6. Clean makeup sponges

We love creating new looks with cosmetics! From flawless foundation to contouring with bronzer, if you want to enhance what your mumma gave ya, it's easy to do with a couple of products. But it's all in the application too, so brushes are a must if you want to reimagine your favourite Instagrammer's looks on yourself.

The downside? Brushes, beauty blenders and sponges can take forever to clean. But if you want to speed up the process, Small has got a high-fashion hack to get the gunk off your tools:

  1. Soak your makeup sponge in warm, soapy water. Rinse it out and soak it again.
  2. Place the sponge in a microwaveable cup with a small drop of washing-up liquid and warm water and place it in the microwave for one minute.
  3. Leave it to cool for a little while, rinse the sponge under your cold kitchen tap, and pat dry. Voila! A clean makeup sponge.

7. Easy-peel garlic cloves

We love adding garlic to our food. Sure, it might give you bad breath, but it's totes worth it for butter-filled baguettes, Italian pasta sauces, and anything else we can add a bulb's worth to.

No need for stinky fingers struggling to break up the bulb with Small's helpful trick. He advises that you pop your full bulb of garlic in the microwave for 20 seconds and you’ll be able to simply pull the cloves apart.

Then use a garlic crusher (opens in new tab) or Microplane (opens in new tab) to break down your tasty allium.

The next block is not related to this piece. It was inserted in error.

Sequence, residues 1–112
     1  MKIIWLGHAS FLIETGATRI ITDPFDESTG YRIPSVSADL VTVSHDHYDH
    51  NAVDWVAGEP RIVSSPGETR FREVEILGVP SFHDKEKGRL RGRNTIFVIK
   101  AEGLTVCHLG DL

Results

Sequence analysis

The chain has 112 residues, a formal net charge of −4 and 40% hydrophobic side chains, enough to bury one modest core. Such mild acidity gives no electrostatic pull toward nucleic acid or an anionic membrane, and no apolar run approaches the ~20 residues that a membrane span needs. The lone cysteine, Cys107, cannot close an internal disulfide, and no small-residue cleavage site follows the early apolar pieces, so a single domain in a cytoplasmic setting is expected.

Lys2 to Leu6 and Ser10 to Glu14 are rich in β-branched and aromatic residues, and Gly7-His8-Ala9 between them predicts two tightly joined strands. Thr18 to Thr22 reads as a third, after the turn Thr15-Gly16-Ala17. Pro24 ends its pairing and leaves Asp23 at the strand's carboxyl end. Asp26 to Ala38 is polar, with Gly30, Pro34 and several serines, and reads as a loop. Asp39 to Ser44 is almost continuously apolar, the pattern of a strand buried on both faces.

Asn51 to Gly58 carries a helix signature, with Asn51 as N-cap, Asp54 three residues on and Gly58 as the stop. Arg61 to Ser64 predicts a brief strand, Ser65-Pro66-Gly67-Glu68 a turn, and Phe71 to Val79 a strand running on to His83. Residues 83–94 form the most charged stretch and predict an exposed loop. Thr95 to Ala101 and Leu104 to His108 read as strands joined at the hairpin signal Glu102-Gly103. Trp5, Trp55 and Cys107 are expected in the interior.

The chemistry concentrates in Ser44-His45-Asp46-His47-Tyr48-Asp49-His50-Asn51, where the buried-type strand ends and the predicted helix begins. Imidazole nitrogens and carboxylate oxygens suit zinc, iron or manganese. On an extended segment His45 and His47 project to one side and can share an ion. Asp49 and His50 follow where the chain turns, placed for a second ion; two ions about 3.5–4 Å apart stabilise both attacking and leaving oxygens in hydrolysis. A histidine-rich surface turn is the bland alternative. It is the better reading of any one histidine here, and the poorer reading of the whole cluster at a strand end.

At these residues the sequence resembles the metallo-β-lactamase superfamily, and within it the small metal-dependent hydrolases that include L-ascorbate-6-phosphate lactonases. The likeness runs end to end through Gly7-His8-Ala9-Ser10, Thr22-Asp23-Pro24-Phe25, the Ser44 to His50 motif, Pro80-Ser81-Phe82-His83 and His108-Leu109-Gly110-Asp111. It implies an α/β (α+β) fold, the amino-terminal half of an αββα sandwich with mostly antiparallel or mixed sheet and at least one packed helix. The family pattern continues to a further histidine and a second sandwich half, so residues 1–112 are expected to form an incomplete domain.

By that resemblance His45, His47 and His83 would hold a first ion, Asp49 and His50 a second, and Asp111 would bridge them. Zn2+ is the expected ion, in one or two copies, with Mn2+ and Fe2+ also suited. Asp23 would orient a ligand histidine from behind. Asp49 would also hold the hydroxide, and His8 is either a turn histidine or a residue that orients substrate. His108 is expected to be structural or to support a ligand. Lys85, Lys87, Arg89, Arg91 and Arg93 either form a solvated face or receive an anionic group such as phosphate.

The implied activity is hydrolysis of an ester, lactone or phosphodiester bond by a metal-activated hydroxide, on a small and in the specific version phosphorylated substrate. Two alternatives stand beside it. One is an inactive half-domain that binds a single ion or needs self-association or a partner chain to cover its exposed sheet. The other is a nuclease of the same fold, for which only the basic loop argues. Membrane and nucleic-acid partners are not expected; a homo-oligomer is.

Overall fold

8. Revive stale bread

Got a loaf that's gone a bit dry? Don't feed it to the birds!

Instead, Small says to 'wrap your stale bread in a damp paper towel and microwave it for 10 seconds or so. This should help to draw the moisture into the bread and revive it.'

What foods should not be microwaved?

If you're not directly breastfeeding, or making a fresh batch of formula, then you'll need to be careful about how you reheat expressed milk.

The National Health Service (opens in new tab) (NHS) says that: 'You can feed expressed milk straight from the fridge if your baby is happy to drink it cold.'

'Or you can warm the milk to body temperature by putting the bottle in a jug of warm water or holding it under running warm water. Do not use a microwave to heat up or defrost breast milk. This can cause hot spots, which can burn your baby's mouth.'

Christina joined the Real Homes team as a digital writer in June 2021. Prior to this, she worked for Good Homes magazine and home interest events including the Ideal Home Show and Grand Designs Live. She lives close to Epping Forest and is spoiled for choice with lush green spaces, but loves her own English garden that adjoins her ground-floor maisonette, complete with a floral melange of roses, lavender, jasmine, and an apple tree.